The student body president at the University of Illinois at Urbana-Champaign invoked a controversial anti-Semitism resolution that has been rejected by the campus Jewish community in a mass email hailed by anti-Zionist students. In the email sent to more than 50,000 students, faculty, and staff, Student Body President Connor Josellis said “Due to recent events on campus, it is worth distinguishing that criticism of Israel, similar to criticism of any other country is not anti-Semitic and should not be labeled as such,” Josellis said. Read Here

7. Toronto university labor union under fire for anti-Semitic tweet

By Ben ariel

B’nai Brith Canada condemned a labor union at the University of Toronto following a series of anti-Israel and anti-Semitic tweets issued by its official Twitter account. CUPE 3902 lashed out at Jagmeet Singh, leader of the Canadian NDP Party, lamenting the fact that his “recent rejection of the BDS movement is paying dividends with the Zionists!” The union then targeted a Jewish NDP member who came to Singh’s defense, accusing him of “taking a murder-based approach to promote peace in the Middle East.” Read Here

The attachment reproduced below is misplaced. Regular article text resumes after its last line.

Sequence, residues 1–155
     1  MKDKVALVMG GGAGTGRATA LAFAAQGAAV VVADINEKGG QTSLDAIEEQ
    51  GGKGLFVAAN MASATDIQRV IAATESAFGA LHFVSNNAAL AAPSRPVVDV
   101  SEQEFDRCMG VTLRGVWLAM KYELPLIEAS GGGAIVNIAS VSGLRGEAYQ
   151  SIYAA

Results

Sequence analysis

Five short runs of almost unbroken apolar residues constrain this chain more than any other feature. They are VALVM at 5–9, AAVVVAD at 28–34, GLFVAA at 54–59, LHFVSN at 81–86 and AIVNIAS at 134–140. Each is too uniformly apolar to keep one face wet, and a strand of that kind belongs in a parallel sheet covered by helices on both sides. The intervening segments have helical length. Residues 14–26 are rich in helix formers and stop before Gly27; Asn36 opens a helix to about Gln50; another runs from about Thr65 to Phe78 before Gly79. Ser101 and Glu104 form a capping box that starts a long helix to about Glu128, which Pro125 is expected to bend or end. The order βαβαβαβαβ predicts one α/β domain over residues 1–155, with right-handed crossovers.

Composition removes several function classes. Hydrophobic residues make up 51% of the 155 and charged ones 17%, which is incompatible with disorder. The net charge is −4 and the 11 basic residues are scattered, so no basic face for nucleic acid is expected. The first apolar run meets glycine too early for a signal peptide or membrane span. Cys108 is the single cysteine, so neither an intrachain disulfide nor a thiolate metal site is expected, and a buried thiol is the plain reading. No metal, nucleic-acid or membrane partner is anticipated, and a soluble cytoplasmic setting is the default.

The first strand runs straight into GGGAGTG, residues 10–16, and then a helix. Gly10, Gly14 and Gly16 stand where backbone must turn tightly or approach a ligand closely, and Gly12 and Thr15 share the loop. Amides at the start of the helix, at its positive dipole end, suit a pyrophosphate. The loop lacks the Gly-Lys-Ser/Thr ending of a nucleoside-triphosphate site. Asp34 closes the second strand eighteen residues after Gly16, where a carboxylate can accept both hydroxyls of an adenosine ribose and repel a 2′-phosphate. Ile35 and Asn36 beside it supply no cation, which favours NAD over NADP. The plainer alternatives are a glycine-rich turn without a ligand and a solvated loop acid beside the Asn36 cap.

8. San Diego State uninvites speaker after anti-Semitism charges

By Gary Robbins

San Diego State University was celebrating a student who had proposed a summit on U.S. reparations for slavery and come up with a list of possible speakers. It quickly turned into an “uh-oh” moment when some of the school’s faculty pointed out that one of the speakers has been accused of anti-Semitism. The speakers ranged from the renowned author Ta-Nehisi Coates to Ava Muhammad, a controversial minister who speaks to students nationally on behalf of Louis Farrakhan. Muhammad has drawn criticism for referring to Jewish people as “godless” and has “loudly shared anti-Semitic conspiracy theories” espoused by Farrakhan. Read Here